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Interview with Douglas Harding, March 1997

Participants in the online Headless Way discussion group (lookforyourself) gave Richard Lang several questions to ask Douglas Harding in an interview. The questions were about the place of individuality in the context of who we really are, the place of prayer, (and surrender of the will), and the place of feelings (and love.) Here is a transcript of the interview:

Question: "Does the exploration and discovery of who I am psychologically mean anything to you, and how does it fit in with Seeing, with who I really am? Is it important to develop as an individual as long as I don't forget who I really am?"

D. H.: It seems to me that there are two meanings to the expression 'Who am I?' One is who am I centrally, in my essence, and the other is who am I as a person - what am I like as a person, what is my temperament, what is my appropriate calling etc.? It seems to me that if I neglect who I really am and only go for what Douglas is I remain pretty well in the dark as to what Douglas is. I'm subject to all sorts of games, illusions and social conditioning which obscure Douglas from me. But when we see who we really are I do think that one of the spin-offs is that we become more authentic as people, more natural, more ourselves. I've noticed that among my friends who see very clearly and value this very strongly, they don't cease to be less humanly interesting individual selves but more so. My experience is that to be truly human, truly individual and authentic as a person in the world, the best thing you can do is to see who you really really are. If you neglect who you really are in favour of that human thing that human thing suffers.

R. L.: Would you agree that it is important on the human level to find out who you are and who you are not?

D. H.: Yes, but I'd say that you won't do it directly very easily. I would say it is important to find out who you are humanly but not as a separate exercise. It is a spin-off, a by-product of who you really are. Until I know who I really am I don't know who Douglas is as Douglas. I think I get much more valuable insights into myself, I become a much more authentic person in so far as my central interest is not that person.

R. L.: Why would that be?

D. H.: I think I'm a kind of simpleton! My secret is that I have only got one answer to all questions - see who is asking the question! So it is really a very easy thing to answer. I say that to do the best I can for Douglas as a person, to make him more authentic, more useful in the world, more a person, more individual - why, don't aim at that. If you aim at that you are playing a game. If you aim at seeing who you really really are it will take care of your humanness. And it not only applies to Douglas Harding. I've noticed it in my friends - friends who value who they really really are - they are so different. It hasn't made them into clones or replicas of some spiritual ideal. They remain very individual - in fact more so.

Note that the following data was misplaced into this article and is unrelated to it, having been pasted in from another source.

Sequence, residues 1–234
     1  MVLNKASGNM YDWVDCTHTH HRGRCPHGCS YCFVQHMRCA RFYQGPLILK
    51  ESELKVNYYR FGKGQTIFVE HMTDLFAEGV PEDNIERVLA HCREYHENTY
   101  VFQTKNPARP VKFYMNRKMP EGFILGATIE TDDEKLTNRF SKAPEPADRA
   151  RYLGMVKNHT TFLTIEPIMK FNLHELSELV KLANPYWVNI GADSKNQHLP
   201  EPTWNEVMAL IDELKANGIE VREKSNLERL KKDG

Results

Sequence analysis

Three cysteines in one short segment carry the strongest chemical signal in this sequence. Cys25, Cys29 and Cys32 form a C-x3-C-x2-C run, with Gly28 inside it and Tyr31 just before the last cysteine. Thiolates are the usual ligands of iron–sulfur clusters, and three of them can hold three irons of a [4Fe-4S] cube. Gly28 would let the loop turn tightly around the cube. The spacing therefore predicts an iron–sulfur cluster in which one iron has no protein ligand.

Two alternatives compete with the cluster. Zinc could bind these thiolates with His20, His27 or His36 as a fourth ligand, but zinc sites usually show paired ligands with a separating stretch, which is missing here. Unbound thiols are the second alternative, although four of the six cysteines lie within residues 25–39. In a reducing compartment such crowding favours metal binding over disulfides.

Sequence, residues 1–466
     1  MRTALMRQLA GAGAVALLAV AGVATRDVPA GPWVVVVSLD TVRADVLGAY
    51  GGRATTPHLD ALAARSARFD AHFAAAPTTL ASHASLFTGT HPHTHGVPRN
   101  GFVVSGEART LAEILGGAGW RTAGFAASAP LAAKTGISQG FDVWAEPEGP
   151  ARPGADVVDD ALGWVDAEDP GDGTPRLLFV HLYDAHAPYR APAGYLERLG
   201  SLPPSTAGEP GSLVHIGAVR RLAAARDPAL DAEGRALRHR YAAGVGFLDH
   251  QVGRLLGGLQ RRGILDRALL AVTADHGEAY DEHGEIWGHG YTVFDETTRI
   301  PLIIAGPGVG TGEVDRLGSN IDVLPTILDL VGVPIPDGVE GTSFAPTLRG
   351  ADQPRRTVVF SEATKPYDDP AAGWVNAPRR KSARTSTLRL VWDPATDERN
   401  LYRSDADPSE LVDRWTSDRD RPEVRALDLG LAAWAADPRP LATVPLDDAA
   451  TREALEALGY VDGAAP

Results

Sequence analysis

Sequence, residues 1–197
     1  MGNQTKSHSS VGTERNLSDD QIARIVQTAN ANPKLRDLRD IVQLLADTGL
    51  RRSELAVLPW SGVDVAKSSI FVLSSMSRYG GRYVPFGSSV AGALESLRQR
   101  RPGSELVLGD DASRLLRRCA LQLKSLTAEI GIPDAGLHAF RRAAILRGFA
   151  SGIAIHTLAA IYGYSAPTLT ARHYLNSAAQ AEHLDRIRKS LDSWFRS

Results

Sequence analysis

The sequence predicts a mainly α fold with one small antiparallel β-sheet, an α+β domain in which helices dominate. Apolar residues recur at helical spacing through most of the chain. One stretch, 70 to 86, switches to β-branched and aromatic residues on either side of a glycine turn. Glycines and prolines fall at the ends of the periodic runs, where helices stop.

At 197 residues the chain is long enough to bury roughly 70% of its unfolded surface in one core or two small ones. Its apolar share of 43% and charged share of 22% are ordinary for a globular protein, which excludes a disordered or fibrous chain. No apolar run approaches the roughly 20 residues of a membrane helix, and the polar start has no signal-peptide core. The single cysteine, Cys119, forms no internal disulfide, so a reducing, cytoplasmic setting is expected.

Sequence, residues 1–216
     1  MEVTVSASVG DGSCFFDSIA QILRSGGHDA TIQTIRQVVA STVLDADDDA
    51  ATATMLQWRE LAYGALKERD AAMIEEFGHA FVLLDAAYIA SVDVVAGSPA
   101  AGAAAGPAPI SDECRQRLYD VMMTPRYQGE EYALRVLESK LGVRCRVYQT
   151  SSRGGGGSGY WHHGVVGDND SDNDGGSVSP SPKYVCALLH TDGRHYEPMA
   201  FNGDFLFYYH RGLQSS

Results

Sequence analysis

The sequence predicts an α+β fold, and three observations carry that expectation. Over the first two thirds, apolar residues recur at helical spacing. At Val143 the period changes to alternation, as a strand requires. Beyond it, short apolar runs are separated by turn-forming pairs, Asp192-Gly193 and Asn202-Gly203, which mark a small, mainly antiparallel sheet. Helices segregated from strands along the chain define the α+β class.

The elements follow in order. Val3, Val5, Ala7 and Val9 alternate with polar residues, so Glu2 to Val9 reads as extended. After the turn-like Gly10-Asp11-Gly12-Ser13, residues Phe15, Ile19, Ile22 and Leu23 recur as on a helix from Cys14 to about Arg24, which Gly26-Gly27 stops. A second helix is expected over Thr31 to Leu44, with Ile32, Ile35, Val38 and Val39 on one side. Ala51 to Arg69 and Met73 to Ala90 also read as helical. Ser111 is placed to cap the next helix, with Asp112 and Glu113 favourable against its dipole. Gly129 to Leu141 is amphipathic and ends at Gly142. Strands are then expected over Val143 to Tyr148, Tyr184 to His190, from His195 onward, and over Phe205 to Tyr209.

R. L.: Are you saying that your natural individuality will come out if you don't interfere in any way?

D. H.: Yes, I say that. And it is important that it does come out, but it's not for aiming at as a separate exercise. When you see who you really are you lose a certain amount of interest in how you are going across to people. You are relieved of that constant anxiety of whether you are impressing people or not, whether your personality is adequate or not. I really think the human personality is much better when you take the heat off and get interested in your true nature.
I do think it is important to find out who you are as a human being. The point is how do you do it? I think direct inspection in ignorance of who you really are is not going to be very fruitful.

R. L.: But, for example, you know you are a writer.

D. H.: But that's I think a very superficial thing isn't it?

R. L.: But that's the level of the question.

D. H.: Well, I see who I am and I find myself writing about it, yes. But the writing proceeds from the seeing.

Question: "I have often wondered why Douglas rarely addresses the subject of prayer. It's puzzling because the subject of prayer is common in religion, perhaps even universal. Why do you so rarely speak or write about prayer?"

D. H.: Well, we have to distinguish between two kinds of prayer. There is one kind of prayer which is petitionary - asking for my tummy-ache to get better or for the weather to improve, or someone to stop behaving nastily to me. That kind of petitionary prayer is not of interest to me, and I don't think it is effective. I suppose it may be for some people. It could act as a kind of magic if you put faith in some providence out there who will work this magic for you. But it's not for me.
The other kind of prayer, which is very different, is like this: Say I desire the health of someone I love very much, or my own health, or my own ability to do my job, that kind of thing - which are really very deserving requests - but adding always at the end 'Thy will be done'. I would like this, but not my will but Thy will be done. Then the question is who is praying to who? And of course in the last absolute resort it is who you really are having a conversation with who you really are. It's a kind of internal process within your true identity, and not only important, but indispensable. When I was in hospital in pain, and very nasty pain for me, I think I did quite a bit of praying of that sort.